For Native Americans in the Pacific Northwest, June marks Miso’o, the season of Sockeye salmon, which is the most important food source for the coming year. In Arizona, this is also the season of the Hopi Kachina Dances, in which long lines of dancers (representing various spirit-powers) perform in the open plazas of Hopi pueblos.
Friday, June 23
• Jum’at al-Wadā [Farewell Friday] – Islam
As the last Friday in the month of Ramadān and the Friday immediately preceding Eid al-Fitr, this day is not a festival day, but it is still considered special by many Muslims.
• Sacred Heart – Christianity [Roman Catholic]
A devotional feast during which Catholic Christians reflect on God’s compassionate love, symbolized by Christ’s heart.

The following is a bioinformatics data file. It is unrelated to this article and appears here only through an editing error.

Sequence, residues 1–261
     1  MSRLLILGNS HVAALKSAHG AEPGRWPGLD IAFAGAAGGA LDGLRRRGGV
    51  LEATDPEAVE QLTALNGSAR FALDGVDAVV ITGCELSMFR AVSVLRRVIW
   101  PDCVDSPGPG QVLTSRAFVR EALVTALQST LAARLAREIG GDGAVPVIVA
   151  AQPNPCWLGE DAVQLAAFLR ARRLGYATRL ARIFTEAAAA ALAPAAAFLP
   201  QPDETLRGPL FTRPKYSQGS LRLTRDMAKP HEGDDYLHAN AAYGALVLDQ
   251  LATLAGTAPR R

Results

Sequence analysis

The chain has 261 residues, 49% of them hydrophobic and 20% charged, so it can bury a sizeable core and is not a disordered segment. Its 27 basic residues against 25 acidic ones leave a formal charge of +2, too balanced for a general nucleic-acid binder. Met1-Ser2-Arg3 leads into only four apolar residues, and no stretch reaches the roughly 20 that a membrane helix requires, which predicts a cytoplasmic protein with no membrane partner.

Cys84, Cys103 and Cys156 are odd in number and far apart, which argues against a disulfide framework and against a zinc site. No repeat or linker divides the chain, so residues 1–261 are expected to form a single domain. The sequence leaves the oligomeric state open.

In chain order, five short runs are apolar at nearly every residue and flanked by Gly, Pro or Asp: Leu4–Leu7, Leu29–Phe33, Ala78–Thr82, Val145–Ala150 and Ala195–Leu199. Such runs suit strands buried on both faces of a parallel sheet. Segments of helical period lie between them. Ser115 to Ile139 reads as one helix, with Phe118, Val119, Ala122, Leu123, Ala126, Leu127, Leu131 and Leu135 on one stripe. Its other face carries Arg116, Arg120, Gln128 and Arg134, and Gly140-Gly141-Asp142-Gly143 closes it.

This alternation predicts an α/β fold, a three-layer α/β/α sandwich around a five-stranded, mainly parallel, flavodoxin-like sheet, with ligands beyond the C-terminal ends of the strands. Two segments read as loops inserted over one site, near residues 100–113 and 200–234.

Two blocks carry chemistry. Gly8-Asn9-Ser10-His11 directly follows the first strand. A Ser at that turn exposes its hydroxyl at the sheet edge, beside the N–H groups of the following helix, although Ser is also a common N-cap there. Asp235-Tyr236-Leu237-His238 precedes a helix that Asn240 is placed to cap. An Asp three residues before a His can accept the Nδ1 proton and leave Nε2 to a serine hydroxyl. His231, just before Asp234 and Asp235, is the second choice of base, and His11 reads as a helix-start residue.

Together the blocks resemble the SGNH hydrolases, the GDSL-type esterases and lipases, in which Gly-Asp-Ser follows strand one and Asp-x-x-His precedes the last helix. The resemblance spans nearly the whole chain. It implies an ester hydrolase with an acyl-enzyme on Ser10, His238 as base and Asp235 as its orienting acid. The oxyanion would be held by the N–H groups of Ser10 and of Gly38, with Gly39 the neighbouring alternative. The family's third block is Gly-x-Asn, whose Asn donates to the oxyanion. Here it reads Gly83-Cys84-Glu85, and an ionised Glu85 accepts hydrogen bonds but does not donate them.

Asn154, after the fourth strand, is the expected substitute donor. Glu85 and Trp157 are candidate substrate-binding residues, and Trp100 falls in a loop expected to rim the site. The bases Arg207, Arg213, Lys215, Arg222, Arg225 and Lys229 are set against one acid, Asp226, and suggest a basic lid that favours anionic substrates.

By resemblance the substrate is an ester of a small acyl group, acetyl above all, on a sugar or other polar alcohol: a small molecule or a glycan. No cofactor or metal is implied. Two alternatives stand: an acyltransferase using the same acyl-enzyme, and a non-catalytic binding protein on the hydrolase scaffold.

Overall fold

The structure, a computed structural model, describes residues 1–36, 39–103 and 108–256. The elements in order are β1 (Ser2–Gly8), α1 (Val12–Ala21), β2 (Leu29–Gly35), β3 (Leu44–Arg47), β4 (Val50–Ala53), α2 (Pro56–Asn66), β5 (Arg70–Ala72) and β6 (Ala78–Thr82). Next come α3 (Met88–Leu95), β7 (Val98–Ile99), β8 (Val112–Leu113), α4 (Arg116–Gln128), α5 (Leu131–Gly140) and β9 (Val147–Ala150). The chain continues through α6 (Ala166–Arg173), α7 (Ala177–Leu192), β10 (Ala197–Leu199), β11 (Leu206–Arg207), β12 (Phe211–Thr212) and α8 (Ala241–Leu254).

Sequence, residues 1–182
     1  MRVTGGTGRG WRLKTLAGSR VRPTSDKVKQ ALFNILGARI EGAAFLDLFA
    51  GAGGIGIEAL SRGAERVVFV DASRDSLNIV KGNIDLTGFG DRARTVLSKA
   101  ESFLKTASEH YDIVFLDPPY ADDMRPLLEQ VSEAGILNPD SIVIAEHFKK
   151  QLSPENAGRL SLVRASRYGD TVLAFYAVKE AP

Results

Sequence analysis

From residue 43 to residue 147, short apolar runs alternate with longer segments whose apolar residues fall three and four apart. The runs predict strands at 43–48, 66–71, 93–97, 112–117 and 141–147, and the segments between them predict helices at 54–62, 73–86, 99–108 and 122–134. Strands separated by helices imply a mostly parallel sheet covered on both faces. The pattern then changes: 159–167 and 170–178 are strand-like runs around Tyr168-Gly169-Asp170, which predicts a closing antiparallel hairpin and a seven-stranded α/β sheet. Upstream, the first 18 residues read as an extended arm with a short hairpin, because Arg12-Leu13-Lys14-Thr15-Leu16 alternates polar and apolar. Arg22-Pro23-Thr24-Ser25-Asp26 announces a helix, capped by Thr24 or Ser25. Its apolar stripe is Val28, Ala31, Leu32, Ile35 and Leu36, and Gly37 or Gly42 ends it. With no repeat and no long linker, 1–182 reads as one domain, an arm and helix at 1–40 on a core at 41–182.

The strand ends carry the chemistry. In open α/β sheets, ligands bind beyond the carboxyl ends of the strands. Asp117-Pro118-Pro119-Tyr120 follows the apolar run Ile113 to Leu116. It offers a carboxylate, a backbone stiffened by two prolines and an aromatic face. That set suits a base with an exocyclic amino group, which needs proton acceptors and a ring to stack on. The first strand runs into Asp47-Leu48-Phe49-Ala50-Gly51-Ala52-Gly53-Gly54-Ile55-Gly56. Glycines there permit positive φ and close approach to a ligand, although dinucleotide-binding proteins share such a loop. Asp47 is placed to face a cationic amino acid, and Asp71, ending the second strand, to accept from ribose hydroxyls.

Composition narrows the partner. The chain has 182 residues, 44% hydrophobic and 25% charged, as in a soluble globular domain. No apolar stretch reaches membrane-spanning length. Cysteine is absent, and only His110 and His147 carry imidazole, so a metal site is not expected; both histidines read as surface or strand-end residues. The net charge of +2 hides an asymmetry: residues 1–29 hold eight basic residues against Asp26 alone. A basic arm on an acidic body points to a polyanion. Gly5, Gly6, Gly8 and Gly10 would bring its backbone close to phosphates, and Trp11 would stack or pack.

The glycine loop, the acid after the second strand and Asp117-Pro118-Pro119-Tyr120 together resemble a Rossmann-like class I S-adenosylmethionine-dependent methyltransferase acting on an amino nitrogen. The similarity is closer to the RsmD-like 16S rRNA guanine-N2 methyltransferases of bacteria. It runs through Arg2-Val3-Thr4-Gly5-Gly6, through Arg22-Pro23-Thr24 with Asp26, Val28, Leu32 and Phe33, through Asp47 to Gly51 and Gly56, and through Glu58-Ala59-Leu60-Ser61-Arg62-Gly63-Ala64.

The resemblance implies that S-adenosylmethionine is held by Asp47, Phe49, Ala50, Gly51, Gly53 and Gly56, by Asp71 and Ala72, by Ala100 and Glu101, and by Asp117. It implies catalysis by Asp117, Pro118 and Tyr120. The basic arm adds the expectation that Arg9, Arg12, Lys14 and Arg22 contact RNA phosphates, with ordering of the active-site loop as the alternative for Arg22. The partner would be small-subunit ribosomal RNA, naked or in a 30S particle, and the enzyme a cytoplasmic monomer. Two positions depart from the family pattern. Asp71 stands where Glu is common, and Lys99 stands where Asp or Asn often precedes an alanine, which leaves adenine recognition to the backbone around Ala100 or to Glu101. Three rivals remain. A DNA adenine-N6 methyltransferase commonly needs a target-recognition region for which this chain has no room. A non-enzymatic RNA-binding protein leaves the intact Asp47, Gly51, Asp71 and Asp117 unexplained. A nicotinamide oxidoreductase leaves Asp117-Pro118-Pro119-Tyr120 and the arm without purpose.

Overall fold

• Rahmat – Bahá’í
The beginning of the sixth month of the Bahá’í year, Rahmat means “mercy.”
Saturday, June 24
• Eid al-Fitr – Islam
This is the Breaking of the Fast that celebrates the end of the month of Ramadān. Usually lasting three days, this festival begins with communal prayer and may also include charitable acts, visiting family and friends, preparing special foods, dressing in new clothes, and giving gifts.
Tuesday, June 27
• Anniversary of the Martyrdom of Joseph Smith – Church of Jesus Christ of Latter-day Saints
Recalling the assassination of the prophet Joseph Smith and his brother Hyrum while they were incarcerated in Carthage, Illinois, in 1844 C.E.
Thursday, June 29
• Ghambar Maidyoshem begins – Zoroastrianism
A celebration of the creation of water, the sowing of the summer crops, and the harvesting of grain. This festival continues through Monday, July 3rd.
• Feast of the Apostles Peter and Paul – Christianity (both Western and Eastern churches)
Celebrates the two apostles who preached the Christian gospel in Rome. In Eastern churches this festival begins at sundown.